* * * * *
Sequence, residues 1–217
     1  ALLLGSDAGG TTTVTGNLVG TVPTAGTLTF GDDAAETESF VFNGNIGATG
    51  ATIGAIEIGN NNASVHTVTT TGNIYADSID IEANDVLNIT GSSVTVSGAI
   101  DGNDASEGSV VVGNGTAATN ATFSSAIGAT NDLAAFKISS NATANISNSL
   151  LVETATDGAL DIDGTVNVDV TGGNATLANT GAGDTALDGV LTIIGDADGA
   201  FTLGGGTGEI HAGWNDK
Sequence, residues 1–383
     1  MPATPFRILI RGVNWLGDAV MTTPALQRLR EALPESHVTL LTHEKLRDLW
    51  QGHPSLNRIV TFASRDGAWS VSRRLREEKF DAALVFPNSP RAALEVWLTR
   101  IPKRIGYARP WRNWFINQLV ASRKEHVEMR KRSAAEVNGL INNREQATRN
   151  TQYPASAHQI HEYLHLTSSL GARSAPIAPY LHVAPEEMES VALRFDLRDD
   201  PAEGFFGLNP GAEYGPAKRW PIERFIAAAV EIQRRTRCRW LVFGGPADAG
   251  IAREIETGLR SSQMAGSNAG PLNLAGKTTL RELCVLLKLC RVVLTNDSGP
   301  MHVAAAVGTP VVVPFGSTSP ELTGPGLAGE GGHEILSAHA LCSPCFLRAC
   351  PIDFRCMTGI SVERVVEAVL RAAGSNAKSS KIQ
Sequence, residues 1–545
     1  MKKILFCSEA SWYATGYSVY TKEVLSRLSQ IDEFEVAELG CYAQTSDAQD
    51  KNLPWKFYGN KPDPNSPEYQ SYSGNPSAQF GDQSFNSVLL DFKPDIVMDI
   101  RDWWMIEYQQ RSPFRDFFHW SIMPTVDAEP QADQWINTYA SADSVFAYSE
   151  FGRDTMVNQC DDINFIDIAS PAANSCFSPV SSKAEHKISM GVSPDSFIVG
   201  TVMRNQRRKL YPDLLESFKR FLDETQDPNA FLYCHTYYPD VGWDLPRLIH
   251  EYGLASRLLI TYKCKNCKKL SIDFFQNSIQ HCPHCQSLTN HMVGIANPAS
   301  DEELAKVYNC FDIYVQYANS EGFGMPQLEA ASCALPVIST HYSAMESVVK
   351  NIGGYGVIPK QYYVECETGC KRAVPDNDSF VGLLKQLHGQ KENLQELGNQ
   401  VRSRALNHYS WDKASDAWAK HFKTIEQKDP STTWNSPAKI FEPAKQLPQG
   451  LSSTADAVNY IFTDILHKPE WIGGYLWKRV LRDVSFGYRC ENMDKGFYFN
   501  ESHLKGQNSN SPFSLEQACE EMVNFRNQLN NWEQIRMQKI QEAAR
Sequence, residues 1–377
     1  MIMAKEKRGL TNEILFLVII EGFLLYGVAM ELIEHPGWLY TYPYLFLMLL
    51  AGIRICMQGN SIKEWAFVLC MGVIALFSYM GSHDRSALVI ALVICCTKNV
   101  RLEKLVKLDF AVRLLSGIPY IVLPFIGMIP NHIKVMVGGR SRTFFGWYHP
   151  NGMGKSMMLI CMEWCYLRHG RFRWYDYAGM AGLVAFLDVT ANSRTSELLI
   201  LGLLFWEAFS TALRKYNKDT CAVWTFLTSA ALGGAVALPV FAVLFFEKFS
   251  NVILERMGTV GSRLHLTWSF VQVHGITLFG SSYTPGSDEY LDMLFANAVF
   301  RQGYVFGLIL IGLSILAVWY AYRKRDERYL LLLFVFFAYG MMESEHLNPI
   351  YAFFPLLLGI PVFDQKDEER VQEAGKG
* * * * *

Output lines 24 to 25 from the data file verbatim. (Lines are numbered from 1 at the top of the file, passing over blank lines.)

   351  NIGGYGVIPK QYYVECETGC KRAVPDNDSF VGLLKQLHGQ KENLQELGNQ
   401  VRSRALNHYS WDKASDAWAK HFKTIEQKDP STTWNSPAKI FEPAKQLPQG